I don’t know how long it was before you died, but Walter went over to your house to help you with something. You were making burgers on the grill and you gave him one. But when you put it in front of him you gave him a bun with two tops instead of a top and a bottom. You guys laughed about it.

I don’t know if you know this or not, but on the day you died he was on his way to tell our grandmother—your mother. He stopped at Wendy’s and got a burger through the drive through on the way. They gave him a burger with two tops. Was that you?

I got asked recently whether I believe in ghosts. I answered that I am not sure, as I don’t have any evidence to show me whether they actually exist. I haven’t had any sort of experience that could be orchestrated from somebody on the other side. Sometimes your voice pops in my head. Sometimes I swear your hands guide me when I am fixing something and somehow I come up with a brilliant solution seemingly out of thin air. But is your voice in my head just a memory? Is coming up with an offbeat idea on how to fix something really just something deep in my brain instead of you somehow taking control. Just in case I still thank you all the same.

You’ve been gone almost 17 years now. And I seriously cannot believe it’s been that long. And I don’t know if you can see anything that we are doing where ever you are. I like to think that you’re on Mars. Yeah, I know, it’s weird. But let me explain.

The year after you died, Todd wanted to do something for me in your memory. He looked into that naming a star after you thing, and learned that it’s a scam. Then somehow he learned that NASA was putting a time capsule on Mars. He called NASA, used his attractor beam of cooperation, and managed to get your name placed in the time capsule. He got a certificate to commemorate it, I have it. Your name is in that capsule, as is Dad’s, and all of your kids. So, there you are. On Mars.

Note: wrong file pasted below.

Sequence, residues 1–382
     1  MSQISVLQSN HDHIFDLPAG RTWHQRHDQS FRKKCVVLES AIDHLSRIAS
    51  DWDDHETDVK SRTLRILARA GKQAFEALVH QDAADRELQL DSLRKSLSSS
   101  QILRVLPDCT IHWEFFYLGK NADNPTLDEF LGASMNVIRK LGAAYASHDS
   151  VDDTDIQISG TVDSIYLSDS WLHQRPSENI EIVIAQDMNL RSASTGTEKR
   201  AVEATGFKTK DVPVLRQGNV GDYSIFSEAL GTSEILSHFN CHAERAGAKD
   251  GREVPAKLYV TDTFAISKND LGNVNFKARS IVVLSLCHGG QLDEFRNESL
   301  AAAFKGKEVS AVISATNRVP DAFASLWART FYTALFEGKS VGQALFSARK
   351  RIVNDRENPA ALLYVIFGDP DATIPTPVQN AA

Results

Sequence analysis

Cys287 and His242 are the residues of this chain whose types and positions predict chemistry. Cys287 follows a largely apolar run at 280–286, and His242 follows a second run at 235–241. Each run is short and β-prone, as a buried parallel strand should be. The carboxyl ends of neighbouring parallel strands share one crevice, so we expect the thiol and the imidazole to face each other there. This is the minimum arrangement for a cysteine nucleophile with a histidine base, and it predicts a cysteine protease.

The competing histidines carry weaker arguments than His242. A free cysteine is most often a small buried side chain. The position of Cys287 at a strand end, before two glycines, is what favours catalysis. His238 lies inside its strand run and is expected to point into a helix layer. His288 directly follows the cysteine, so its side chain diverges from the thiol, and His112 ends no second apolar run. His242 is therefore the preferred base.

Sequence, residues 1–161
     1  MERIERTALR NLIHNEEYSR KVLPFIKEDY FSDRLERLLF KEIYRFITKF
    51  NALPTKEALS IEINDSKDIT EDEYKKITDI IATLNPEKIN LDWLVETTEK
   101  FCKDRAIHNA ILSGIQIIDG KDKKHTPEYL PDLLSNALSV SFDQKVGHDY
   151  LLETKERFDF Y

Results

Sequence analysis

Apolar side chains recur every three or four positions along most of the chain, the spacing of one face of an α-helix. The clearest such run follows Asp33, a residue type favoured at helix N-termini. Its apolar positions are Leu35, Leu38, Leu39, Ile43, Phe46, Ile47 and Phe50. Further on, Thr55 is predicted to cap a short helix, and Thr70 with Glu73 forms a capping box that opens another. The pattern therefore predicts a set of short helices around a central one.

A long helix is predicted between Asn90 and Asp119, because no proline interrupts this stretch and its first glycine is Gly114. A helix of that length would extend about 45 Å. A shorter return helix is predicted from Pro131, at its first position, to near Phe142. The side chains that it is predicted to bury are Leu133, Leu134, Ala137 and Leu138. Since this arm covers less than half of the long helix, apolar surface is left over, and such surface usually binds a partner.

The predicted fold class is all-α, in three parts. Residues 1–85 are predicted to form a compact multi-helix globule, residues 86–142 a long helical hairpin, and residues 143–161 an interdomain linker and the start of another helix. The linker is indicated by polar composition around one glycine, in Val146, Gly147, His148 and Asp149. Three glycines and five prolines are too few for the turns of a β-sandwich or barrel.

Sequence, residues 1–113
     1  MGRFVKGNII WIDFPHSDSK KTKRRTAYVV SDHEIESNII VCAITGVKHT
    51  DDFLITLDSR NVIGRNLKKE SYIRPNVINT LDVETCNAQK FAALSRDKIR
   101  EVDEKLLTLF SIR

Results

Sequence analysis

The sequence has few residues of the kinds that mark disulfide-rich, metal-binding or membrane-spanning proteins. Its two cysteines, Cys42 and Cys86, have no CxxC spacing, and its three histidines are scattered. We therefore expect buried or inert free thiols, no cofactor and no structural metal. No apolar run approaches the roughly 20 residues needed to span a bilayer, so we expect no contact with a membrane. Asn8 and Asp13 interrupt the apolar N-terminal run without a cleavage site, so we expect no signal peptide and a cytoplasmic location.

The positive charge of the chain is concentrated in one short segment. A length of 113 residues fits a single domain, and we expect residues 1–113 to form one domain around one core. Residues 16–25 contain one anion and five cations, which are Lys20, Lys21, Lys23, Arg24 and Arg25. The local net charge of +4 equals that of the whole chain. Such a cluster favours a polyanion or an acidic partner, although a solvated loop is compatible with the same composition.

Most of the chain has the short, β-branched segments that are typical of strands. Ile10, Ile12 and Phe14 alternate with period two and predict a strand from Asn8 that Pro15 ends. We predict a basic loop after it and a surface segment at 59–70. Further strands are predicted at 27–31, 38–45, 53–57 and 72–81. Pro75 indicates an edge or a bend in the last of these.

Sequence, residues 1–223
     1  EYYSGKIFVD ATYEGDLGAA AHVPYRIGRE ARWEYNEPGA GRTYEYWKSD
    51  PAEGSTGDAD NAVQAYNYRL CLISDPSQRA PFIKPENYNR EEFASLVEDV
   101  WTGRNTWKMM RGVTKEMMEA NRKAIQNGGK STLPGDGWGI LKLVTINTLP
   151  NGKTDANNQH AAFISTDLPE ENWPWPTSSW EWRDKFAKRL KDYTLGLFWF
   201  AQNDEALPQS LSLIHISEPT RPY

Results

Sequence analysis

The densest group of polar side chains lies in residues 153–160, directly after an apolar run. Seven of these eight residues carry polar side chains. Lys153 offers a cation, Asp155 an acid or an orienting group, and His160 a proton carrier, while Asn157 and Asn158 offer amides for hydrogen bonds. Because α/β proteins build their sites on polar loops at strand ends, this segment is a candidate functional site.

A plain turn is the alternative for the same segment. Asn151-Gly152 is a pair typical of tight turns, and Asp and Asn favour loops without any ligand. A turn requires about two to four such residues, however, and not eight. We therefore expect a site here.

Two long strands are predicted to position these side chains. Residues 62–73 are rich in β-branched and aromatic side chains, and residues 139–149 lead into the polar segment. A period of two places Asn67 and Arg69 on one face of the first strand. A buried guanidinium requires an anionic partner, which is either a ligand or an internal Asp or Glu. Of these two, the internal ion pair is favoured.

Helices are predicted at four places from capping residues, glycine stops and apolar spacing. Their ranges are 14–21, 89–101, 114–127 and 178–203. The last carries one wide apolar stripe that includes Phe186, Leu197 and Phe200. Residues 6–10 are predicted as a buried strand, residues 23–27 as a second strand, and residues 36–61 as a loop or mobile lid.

The year that Todd and I got married, in 2003, Mars was in a spot in its orbit where it was the closest to earth it’s been in 500 years. I could see your new home in the sky, a red star. I like to think this was how you attended our wedding, as you missed it. And I know you would have hated to miss it. Whenever I hear about someone dying I always think about all the life events they would miss out on. And I hate this list that I am about to make for you. I hate that you missed all this stuff, because Mars is far away again.

Todd and I bought our first house a few months after you died. Remember, I had just gotten laid off from my job about a week or so before you died. So, I didn’t have a job, and then I lost you. I was very sad and had a hard time getting motivated about getting on with life. I didn’t have a routine. So Todd and I looked for houses and we moved to Rhode Island. I missed out on inviting you to see it.

You missed Griffen, Nemo and Potter, my dogs. I remember how Sammy used to cling to you, and you never got a chance to see any of your granddogs.

Well, you missed our wedding. It was on a beach in Newport, RI. I remember telling you I wanted to get married on a beach, and you were horrified at the idea of someone wearing jeans to a wedding. I was barefoot. And it was fine, even though we did have a few guests in jeans. I can’t remember who they even were, because I didn’t care.

At our wedding Chris was pregnant with her fourth, Cassidy. You missed the birth of your last grandchild. When you died the youngest grandchild, Hali, was only 10 months old. She just turned 17, and she’s gorgeous and looking at colleges and planning her future. And she’s living proof that time has passed at all since you died.

You missed me writing a book, and getting a published, and eventually publishing it myself. And it’s your voice in my head that tells me to go after what I want, again with hearing your voice.

But most importantly you missed watching me be married, though we were engaged for a year before you died, you missed seeing me be loved and supported unconditionally by the best man I’ve ever known. You died knowing I found my partner, my other half. But you never got to see the me that grew into being half of a marriage.

And while you’ve been on Mars and missing everything happening on Earth, I’ve missed you.

BJ Knapp is the author of Beside the Music, available for purchase here. Please sign up for the Backstage with BJ Knapp mailing list to get updates on events, signings, dog pictures and so much more.

BJ Knapp is the author of Beside the Music, available for purchase here. Please sign up for the Backstage with BJ Knapp mailing list to get updates on events, signings, dog pictures and so much more.